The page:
How do you benefit from attending professional society meetings? And which professional society meetings do you tend to attend?
I have attended ACS national meetings since 2002, regional meetings since 2000 (multiple regions), and local section meetings. I also attend meetings of the American Medical Writer’s Association, NOBCCheE, American Geophysical Union, American Vacuum Society, and a few others.
I usually go to present workshops on career development topics for scientists, but I love visiting the expos, seeing the cool technology, and talking to people. No matter what the meeting is, the best part is the people I meet. Once you’ve gone to the same meeting a time or two, or especially when you volunteer to help organize part of it, you have colleagues who become friends, and look forward to seeing them. I often refer to ACS national meetings as my 10,000 best friends that I only see twice a year.
Of course, I also use in-person meetings to refresh my networking connections, and usually come away with at least a few new leads on potential projects. The recent forced move from in-person to all virtual meetings has made that a challenge, but I’m starting to see people more willing to make connections online, as they are starved for human contact.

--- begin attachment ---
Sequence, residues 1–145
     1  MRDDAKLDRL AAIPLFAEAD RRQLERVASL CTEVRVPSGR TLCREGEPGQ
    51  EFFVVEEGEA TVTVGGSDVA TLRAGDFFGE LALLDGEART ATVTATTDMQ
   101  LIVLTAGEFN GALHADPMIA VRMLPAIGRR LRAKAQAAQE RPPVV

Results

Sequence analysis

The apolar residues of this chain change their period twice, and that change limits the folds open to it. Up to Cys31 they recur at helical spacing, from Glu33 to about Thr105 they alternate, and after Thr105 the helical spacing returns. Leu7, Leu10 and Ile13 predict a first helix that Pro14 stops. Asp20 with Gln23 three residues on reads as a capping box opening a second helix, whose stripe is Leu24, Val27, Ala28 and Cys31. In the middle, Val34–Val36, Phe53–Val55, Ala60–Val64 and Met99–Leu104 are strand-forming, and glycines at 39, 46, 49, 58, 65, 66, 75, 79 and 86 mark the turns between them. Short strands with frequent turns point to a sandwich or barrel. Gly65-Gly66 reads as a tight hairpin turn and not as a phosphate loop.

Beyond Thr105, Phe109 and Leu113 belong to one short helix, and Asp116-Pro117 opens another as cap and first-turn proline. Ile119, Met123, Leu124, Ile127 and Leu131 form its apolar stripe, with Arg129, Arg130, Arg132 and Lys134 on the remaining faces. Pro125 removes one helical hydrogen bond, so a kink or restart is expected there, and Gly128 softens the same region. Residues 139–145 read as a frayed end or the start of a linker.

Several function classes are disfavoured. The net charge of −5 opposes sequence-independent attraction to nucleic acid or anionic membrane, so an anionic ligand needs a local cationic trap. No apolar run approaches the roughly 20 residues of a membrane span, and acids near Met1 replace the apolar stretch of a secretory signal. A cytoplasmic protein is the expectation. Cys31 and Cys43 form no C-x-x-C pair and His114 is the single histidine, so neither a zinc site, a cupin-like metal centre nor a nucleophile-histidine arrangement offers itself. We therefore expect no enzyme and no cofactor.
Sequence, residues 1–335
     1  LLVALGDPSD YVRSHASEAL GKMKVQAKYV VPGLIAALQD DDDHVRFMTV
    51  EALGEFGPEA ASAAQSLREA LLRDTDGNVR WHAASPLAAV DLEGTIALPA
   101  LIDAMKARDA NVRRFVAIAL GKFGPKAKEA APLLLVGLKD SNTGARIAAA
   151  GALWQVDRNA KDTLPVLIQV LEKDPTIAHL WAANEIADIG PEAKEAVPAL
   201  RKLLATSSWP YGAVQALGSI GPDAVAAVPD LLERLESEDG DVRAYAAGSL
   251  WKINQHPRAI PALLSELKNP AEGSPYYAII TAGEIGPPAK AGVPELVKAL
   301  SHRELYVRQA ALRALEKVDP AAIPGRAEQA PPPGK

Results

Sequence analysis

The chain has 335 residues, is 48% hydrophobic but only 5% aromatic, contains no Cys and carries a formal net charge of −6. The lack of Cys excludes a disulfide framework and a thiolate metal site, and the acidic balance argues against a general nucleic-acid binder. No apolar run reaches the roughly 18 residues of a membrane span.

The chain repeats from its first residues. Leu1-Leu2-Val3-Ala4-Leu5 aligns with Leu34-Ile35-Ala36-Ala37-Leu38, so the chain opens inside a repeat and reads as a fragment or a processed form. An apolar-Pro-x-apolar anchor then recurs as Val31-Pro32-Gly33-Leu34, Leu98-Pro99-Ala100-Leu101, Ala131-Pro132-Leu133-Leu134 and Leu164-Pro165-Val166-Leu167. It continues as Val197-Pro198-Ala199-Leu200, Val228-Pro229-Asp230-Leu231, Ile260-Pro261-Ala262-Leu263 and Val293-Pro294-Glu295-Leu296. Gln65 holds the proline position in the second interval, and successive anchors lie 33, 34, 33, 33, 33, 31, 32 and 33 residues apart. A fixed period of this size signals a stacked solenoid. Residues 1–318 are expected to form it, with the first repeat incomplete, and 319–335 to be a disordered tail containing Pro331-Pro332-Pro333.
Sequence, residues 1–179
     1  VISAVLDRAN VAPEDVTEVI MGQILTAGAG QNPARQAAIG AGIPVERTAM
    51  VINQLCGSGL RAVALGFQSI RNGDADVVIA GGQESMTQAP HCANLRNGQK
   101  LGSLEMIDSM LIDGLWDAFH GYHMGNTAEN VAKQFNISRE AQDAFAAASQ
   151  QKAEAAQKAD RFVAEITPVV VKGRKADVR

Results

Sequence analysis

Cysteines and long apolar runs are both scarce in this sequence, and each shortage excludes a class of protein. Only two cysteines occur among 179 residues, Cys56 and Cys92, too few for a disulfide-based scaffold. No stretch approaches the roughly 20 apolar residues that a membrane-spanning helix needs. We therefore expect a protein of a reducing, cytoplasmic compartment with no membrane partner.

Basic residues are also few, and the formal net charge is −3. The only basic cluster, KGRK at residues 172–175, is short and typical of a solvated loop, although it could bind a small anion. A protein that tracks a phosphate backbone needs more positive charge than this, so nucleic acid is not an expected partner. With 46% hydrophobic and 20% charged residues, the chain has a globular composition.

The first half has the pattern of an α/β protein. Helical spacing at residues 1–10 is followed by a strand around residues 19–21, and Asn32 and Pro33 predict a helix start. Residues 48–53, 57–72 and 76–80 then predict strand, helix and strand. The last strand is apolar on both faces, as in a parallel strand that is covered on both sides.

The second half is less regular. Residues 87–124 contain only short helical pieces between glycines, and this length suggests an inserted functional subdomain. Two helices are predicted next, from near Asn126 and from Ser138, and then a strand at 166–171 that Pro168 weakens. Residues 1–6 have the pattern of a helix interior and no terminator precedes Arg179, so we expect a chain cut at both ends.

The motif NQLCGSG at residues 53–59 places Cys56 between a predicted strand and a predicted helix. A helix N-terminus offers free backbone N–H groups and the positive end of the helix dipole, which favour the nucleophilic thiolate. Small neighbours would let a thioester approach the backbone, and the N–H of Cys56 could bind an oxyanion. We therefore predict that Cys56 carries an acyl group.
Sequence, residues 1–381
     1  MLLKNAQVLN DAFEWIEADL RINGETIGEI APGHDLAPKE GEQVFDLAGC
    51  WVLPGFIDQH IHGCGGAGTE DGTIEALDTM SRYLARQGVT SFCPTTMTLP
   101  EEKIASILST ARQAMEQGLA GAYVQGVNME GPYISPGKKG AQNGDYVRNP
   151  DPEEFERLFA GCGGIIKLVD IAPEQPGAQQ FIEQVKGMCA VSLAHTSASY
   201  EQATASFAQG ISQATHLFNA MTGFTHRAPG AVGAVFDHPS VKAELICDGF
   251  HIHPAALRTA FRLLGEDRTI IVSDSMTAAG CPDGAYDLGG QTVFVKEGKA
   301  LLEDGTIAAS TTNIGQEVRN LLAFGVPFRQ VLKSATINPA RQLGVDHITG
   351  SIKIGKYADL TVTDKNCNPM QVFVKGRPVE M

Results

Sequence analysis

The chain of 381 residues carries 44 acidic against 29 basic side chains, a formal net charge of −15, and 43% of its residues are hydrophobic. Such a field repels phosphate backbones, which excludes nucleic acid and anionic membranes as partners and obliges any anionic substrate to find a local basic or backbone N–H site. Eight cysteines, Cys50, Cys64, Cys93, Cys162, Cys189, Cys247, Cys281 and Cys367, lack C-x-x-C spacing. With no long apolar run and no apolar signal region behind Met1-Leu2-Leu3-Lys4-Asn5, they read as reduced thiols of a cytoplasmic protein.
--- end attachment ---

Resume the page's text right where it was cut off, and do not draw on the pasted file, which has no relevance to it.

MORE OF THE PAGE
To what - or to whom - do you credit your writing skills?
That is an interesting question, and I never really thought about it. One of my biggest strengths is my ability to write succinctly, probably because I don’t like to waste time. It usually takes a lot longer to write something succinctly, but if it’s done well, it makes your point much more clearly, and saves time in the long run.